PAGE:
Compounding these performance distortions is another unrecognized factor. A popular misconception is that the government is one entity, which is not the case. The government (even at one level – federal or provincial) is an archipelago of many ministries, agencies and departments, with overlapping jurisdictions and / or competing interests. There is little incentive to work together, share resources and exploit synergy. Ironically, solutions to most public sector problems lie in intersectoral action. This creates a twofold imperative.
On the one hand governments need new competencies to tap the potential within intersectoral collaboration – such as intermediary agencies. On the other hand, new instruments and incentives are needed which can enable asset allocation mapping and foster collaborative division of labour. It is within this frame that metrics for whole of government performance assessment should also be developed with clarity on the manner in which sectors contribute to overall performance.
Unfortunately, the deepest governance reform to date, the 18th Amendment to the constitution was unable to address most of the causes of government’s underperformance despite the broad-based changes it introduced in the entire state system. Some urgently needed next steps are an imperative to enhance government performance. These should focus on institutionalising rule-based control on government functioning and rooting out politicization and arbitrariness.
There are three potentially important immediate entry points: respect for merit, close attention to conflict of interest and a shift towards e-filing in the government’s documentation system.
First, integrity in public service forms the bedrock of good governance. Although integrity is envisaged to be an attitude, there are means of structurally inculcating it such as by developing systems of compensation adequate to sustain appropriate livelihood, systems for transparent hiring and promotion, and mechanisms to provide appropriate oversight of discretionary decision-making. While it is important for the government to work towards strengthening these systems, some urgent actions are needed. Merit-based hiring and intolerance for nepotism, cronyism and patronage are important measures.
Secondly, in the affairs of the state, conflict of interest matters deeply and is one of the key ethical questions in governance. A conflict of interest is a situation “that has the potential to undermine the impartiality of a person because of the possibility of a clash between the person's self-interest and professional interest or public interest.” It is well recognized that often policymakers have business relationships in sectors where they are charged with policymaking responsibilities, raising conflict of interest concerns. These need to be actively regulated and managed. However, as opposed to this, I noticed that rules regulating conflict of interest are not explicitly defined. The code of conduct for ministers alludes to the need for separation, but exact modalities need to be established and enforced.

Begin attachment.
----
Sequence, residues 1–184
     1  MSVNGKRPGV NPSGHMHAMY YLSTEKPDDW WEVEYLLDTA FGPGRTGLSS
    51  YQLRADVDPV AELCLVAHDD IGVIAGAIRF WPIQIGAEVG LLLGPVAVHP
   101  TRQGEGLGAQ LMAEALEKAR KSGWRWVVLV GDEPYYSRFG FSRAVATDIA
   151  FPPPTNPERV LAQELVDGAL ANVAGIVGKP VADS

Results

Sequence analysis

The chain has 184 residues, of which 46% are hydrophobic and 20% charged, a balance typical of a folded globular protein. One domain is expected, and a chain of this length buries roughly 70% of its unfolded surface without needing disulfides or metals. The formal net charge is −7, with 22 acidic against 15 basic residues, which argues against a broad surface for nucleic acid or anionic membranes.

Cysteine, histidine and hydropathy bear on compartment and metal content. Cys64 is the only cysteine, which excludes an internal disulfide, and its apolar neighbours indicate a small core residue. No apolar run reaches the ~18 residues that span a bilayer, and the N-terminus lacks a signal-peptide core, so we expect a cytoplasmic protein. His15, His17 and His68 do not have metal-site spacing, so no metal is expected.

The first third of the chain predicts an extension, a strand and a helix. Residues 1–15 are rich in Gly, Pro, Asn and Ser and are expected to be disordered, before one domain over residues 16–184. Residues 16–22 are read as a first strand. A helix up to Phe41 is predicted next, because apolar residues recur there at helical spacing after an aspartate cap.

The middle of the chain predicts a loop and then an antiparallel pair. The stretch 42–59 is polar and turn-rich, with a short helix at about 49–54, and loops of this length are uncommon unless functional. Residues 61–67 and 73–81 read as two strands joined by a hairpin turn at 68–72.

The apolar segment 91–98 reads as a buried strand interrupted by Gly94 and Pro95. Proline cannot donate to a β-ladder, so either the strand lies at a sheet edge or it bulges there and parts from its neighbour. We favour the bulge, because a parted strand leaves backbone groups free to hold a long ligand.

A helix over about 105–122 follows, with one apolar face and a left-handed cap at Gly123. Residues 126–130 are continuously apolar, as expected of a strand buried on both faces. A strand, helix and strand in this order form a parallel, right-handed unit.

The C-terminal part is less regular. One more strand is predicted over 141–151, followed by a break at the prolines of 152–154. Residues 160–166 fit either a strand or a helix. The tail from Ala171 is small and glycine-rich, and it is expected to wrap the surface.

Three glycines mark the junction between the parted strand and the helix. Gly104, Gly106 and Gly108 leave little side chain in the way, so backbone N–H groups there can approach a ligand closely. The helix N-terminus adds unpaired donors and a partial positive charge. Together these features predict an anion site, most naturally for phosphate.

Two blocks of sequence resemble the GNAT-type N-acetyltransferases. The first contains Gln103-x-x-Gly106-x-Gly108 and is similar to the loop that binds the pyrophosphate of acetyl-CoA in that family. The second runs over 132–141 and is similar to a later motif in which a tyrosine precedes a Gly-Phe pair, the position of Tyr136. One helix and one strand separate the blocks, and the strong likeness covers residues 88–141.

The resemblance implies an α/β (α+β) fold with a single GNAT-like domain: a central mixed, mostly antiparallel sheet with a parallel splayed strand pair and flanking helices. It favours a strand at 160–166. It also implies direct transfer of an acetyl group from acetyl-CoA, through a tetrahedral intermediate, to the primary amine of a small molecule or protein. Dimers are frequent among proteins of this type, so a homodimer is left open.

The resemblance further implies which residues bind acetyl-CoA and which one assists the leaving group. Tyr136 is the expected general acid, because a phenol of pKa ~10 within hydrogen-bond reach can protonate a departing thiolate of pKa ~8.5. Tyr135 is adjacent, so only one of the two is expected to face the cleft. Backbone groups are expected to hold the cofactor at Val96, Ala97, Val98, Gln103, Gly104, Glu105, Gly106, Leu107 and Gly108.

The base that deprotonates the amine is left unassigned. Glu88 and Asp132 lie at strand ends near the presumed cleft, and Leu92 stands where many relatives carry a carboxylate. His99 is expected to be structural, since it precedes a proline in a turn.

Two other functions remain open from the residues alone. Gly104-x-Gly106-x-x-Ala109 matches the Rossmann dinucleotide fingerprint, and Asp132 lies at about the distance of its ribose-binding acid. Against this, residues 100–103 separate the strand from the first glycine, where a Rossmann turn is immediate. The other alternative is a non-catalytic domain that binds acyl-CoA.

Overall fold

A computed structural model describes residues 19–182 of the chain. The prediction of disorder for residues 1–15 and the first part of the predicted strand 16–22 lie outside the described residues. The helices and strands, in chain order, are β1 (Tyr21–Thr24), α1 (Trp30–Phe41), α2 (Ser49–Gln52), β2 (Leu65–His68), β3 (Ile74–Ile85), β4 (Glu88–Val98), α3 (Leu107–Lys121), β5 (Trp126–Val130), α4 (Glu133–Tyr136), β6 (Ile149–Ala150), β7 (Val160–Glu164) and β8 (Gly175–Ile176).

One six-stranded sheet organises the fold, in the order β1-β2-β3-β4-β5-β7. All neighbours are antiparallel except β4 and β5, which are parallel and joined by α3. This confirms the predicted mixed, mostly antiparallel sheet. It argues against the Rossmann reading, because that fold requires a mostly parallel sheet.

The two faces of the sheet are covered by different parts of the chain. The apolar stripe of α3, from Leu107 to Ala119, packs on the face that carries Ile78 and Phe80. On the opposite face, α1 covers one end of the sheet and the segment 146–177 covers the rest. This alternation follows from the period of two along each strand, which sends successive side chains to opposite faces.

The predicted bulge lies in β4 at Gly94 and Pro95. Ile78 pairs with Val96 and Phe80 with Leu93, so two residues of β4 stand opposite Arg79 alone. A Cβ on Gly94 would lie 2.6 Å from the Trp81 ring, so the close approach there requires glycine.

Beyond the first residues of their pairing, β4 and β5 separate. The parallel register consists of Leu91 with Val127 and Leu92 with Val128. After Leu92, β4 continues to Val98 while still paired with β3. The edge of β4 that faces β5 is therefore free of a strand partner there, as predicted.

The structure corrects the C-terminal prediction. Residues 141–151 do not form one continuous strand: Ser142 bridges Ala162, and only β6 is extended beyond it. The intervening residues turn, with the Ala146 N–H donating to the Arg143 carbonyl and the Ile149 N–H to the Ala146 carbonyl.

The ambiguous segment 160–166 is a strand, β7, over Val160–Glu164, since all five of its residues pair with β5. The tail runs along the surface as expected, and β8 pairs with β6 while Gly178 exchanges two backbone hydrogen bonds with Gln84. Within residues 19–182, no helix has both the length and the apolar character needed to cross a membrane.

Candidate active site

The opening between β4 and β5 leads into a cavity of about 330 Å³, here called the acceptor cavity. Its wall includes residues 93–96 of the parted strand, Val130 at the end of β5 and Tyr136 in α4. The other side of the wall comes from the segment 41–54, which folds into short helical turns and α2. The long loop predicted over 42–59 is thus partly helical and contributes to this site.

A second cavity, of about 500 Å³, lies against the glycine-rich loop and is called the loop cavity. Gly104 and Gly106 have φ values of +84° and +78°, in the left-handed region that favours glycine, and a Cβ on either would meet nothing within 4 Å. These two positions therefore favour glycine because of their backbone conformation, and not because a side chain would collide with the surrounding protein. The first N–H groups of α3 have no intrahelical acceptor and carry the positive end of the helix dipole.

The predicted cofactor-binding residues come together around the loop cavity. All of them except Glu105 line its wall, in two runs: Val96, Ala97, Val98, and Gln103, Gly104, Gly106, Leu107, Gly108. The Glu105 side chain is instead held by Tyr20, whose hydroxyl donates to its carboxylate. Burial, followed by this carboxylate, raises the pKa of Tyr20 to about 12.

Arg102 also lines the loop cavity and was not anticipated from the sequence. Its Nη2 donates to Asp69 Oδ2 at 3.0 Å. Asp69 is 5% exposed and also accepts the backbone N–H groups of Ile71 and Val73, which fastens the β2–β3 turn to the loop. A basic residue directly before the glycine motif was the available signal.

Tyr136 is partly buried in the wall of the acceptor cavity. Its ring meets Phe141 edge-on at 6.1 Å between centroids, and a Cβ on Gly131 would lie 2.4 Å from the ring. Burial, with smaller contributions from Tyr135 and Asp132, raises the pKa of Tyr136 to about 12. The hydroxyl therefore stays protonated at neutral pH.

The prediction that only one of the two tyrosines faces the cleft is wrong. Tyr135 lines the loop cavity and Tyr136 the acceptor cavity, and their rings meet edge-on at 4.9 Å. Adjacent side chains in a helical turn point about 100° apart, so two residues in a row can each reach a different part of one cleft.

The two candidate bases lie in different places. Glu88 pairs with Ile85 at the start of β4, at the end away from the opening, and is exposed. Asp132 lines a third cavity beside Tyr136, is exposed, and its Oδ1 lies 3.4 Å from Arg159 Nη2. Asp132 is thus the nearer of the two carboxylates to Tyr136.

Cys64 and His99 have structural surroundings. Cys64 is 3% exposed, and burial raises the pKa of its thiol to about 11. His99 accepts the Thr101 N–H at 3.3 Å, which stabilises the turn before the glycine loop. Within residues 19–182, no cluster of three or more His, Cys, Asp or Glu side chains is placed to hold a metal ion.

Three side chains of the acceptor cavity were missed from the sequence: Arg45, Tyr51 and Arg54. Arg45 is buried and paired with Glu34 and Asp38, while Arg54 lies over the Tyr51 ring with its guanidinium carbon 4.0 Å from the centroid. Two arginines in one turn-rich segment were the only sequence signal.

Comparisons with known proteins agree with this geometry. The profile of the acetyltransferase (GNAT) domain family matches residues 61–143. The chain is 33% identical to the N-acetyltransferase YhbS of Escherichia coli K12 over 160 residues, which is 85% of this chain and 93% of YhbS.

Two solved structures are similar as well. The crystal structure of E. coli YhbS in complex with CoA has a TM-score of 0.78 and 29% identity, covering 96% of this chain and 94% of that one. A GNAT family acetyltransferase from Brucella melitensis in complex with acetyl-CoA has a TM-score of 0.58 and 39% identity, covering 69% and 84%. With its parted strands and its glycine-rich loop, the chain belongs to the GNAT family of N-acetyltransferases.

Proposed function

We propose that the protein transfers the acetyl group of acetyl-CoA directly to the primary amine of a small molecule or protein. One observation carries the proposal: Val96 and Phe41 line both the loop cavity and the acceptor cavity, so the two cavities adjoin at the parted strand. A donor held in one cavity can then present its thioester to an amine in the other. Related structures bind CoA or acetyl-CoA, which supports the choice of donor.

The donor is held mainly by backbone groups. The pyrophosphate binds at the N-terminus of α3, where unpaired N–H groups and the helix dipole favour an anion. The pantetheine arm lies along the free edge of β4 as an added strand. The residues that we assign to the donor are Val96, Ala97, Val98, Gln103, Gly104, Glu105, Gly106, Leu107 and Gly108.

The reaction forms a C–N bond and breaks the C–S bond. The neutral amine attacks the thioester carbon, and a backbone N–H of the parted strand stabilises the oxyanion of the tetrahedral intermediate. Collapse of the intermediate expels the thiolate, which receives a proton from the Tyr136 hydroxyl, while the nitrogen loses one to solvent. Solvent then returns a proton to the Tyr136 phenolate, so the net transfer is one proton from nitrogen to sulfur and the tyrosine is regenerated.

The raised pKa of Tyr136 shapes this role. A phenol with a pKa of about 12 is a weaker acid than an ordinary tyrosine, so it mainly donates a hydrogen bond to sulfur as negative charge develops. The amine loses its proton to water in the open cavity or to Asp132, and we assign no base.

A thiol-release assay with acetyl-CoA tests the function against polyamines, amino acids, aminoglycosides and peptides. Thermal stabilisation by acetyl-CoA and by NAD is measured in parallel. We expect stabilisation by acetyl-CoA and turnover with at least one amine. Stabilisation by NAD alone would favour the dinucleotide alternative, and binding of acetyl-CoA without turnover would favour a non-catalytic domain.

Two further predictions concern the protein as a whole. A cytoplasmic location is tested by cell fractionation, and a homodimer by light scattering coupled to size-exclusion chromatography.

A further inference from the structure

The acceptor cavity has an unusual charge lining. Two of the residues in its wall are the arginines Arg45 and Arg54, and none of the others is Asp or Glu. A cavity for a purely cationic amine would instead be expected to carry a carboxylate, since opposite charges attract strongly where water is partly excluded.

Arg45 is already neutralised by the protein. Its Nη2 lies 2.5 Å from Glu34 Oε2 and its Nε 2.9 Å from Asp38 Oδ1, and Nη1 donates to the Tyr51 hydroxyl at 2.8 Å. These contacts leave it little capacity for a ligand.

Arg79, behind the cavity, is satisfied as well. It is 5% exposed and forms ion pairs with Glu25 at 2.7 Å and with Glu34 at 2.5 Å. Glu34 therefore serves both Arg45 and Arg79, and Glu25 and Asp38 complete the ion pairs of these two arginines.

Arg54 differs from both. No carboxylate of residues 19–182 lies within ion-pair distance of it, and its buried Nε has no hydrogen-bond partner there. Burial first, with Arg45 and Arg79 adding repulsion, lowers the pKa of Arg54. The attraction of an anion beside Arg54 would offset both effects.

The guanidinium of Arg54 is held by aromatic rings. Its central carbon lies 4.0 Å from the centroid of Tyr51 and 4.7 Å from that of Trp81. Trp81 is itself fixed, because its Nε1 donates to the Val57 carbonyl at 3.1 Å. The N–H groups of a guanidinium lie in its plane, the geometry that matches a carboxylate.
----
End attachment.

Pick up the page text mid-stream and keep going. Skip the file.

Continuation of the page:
Thirdly, transparency in government documentation can be an important entry point to reform government functioning. The government's e-office suite, which is a customized application for management of the government's existing filing system, has existed for over eight years. It has met all the scrutiny criteria, including audit and was previously used by many ministries and attached departments. Not only can this system make the government's process of moving files more efficient and tamper-proof relative to the current system being used, it can also help to gauge workers' performance and help institutionalize accountability by virtue of its time stamping features. Despite its potential, the e-office suite is not optimally used. One of the most straightforward measures the government can take is to mandate its deployment in all government departments. This will be a significant step in promotion of transparency.
Collectively these measures, along with a culture of evidence based decision-making, electronic public expenditure tracking and procurement, better oversight of discretionary powers and effective use of existing audit tools are critical entry points to reform which could enhance government’s effectiveness. We must also appreciate that democracy, understood in the conventional sense – popular vote – is not a sufficient condition for good government, per se. In order to be truly democratic, elected governments need to embrace democratic values, doctrines, and behaviours. Institutional democratic attributes, which promote checks and balances and rule-based control on government functioning along with individual democratic behaviours – participatory evidence guided decision-making – are critically important in this respect. Majority rule without these attributes is likely to be abused, as has been witnessed in the past. We must set the building blocks right, so as to pave the way for tapping the country’s inherent strengths and unlocking the potential of its people.